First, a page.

Masterclasses: Song artist Michael Feinstein

By Gianluca D’Elia 

Great American Songbook interpreter Michael Feinstein teaches the audience new theater techniques at his masterclass on April 18.
Great American Songbook interpreter Michael Feinstein teaches the audience new theater techniques at his masterclass on April 18.

Singer and Great American Songbook interpreter Michael Feinstein is so passionate about the Songbook “he could tell you the color of George Gershwin’s pajamas when he was writing ‘Rhapsody in Blue,’” according to sophomore musical theater major Nick Ziobro.

Musical theater students filled the Bart Luedeke Center (BLC) Theater to learn new techniques from Feinstein at a masterclass on April 18.

Feinstein spent four years touring the U.S. with Ziobro, who won Feinstein’s 2012 Great American Songbook contest and became a Great American Songbook Youth Ambassador while he was in high school.

After performing together in Chicago, Ziobro asked Feinstein to teach a masterclass at Rider. Since several fine and performing arts students use selections from the Great American Songbook for their repertoires, Ziobro wanted to give them an opportunity to learn about Feinstein’s interpretation of the canonical songs, some of which are almost 100 years old.

“[Feinstein] is an amazing performer, and he’s one of the most passionate people I’ve ever met,” Ziobro said. “I’m so excited he could come to Rider.”

Before Feinstein started the master class, Ziobro began the night with a performance of “This Guy’s In Love With You,” a popular 20th century jazz standard.

Feinstein told the audience of performing arts students that he started playing the piano by ear at 5 years old. By the time he was 15, he started playing professionally. Exposed to the Great Amer- ican Songbook at an early age, Feinstein was fascinated by the collection of jazz standards and popular music of the early 20th century, but did not learn the meaning of the lyrics until he was older.

Feinstein developed a passion for sharing the music he grew up listening to, even though it was “already old when I was a kid.” To him, the songs were any- thing but outdated, and he found himself amazed by the fact that he could relate to songs that were written before he was born in a contemporary fashion.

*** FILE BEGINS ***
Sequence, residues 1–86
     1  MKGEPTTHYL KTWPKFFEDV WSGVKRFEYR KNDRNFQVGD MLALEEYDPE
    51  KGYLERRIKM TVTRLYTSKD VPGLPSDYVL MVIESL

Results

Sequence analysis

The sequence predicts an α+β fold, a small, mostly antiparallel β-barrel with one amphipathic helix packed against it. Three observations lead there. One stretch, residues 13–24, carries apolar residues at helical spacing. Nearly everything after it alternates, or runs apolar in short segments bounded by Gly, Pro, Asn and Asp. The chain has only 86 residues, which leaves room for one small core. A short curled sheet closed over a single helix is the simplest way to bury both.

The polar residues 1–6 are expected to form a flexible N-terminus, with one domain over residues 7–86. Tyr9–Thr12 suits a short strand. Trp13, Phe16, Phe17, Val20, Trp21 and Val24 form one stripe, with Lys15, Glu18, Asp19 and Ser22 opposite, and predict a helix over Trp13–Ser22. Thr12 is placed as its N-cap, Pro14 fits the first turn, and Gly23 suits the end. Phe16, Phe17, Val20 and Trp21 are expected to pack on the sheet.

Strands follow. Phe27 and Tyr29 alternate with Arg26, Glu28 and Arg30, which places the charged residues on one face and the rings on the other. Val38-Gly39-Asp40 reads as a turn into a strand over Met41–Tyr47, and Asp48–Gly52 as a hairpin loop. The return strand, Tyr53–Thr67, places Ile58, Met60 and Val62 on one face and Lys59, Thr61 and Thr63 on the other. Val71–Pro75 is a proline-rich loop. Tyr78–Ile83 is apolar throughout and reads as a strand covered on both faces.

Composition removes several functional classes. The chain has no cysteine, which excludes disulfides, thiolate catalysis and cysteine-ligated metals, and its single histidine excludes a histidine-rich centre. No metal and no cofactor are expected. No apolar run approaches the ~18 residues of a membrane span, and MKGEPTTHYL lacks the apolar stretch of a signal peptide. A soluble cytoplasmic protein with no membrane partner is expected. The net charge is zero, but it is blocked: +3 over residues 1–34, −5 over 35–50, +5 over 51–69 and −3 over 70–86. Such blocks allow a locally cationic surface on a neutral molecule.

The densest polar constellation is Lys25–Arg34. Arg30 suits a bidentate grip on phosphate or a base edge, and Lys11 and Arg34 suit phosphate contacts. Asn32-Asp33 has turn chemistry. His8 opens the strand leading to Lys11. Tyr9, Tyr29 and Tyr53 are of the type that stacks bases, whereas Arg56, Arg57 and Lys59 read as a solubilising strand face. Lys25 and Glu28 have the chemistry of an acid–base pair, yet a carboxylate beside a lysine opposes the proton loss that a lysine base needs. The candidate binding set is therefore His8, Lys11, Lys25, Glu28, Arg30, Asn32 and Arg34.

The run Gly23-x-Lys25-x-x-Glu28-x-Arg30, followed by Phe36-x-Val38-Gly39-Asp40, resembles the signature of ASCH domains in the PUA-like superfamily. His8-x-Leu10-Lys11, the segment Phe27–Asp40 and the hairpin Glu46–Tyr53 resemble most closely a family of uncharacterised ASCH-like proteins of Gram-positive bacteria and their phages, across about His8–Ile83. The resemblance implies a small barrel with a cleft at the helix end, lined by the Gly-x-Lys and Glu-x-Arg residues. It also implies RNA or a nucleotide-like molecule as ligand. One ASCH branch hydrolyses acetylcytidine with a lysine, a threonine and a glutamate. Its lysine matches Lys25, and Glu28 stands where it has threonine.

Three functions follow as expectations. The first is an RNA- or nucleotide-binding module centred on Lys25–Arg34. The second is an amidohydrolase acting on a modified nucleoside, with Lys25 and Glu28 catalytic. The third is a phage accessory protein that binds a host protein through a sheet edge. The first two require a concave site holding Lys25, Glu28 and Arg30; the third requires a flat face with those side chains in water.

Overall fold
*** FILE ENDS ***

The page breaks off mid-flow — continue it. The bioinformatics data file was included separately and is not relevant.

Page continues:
“This is how music survives,” he said.

“I realized from a young age that music has an extraordinary ability to heal and transform,” Feinstein said. “One of the things the arts does is make every- body’s lives better. Whether you make art your profes- sion or not, it has a very holy place in the world.”

Now, Feinstein is well known for his interpretations of the Great American Songbook, and used his expertise to help seven student performers improve their own skills, offering valuable critiques while using humor to

make them feel comfortable as they performed classic jazz standards in front of their peers.

According to Feinstein, even the slightest difference in the way a line is phrased can make a difference to the meaning of a song.

As an example, Feinstein used Rosemary Clooney’s performance of “Bewitched, Bothered and Bewildered,” a 1940s song about a woman who falls in love with a younger man who takes advantage of her. One line says, “Men are not a new sensation; I’ve done pretty well, I think.” When Clooney performed the song, she took a brief pause before singing, “I think,” add not only more humor to the song, but more insight into her character.

For his lessons on interpretation, Feinstein invited student performers on stage for 10-minute sessions. Volunteers included senior Popular Music Culture major Eddie Brandt and senior Musical Theater majors Lilli Babb, Samantha Funk, Kyle Geraghty, Danielle Pierce, Samantha Prentice and Rosie Webber.

Feinstein encouraged the performers to put emo- tion into their songs by asking questions such as, “Who do you imagine singing this song for?” and

“What made you choose this song?” He offered advice and told the students they could use different “tricks” to add variety to a song, such as slowing down or changing the key.

In each performance, he asked students to repeat certain lines of the song with different phrasing to evoke certain emotions from the audience — whether it was the melancholy of Webber’s performance of Hoagy Carmichael’s “I Get Along Without You

Very Well (Except Sometimes)” or Babb’s humorous performance of “I Said No,” a euphemistic song by Jule Styne and Frank Loesser about a woman’s refusal to buy a magazine subscription from a persistent salesman.

“This music still has emotions, values, and a con- nection people relate to,” Feinstein said. “The thing that makes these songs interesting is the bedrock of a perfect combination of lyrics, music and harmony. It was always the mission of the songwriter to find a fresh way of expressing oft-expressed emotions.

“Songs live on and on because they all speak to us personally — all of us have the opportunity to com- municate in a way that will make someone’s life better through art.”

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